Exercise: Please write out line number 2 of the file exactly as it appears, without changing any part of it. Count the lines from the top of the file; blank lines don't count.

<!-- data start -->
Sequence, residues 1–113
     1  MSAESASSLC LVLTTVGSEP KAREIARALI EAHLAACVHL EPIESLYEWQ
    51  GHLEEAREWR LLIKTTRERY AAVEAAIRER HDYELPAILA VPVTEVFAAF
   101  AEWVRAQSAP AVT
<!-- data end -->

     1  MSAESASSLC LVLTTVGSEP KAREIARALI EAHLAACVHL EPIESLYEWQ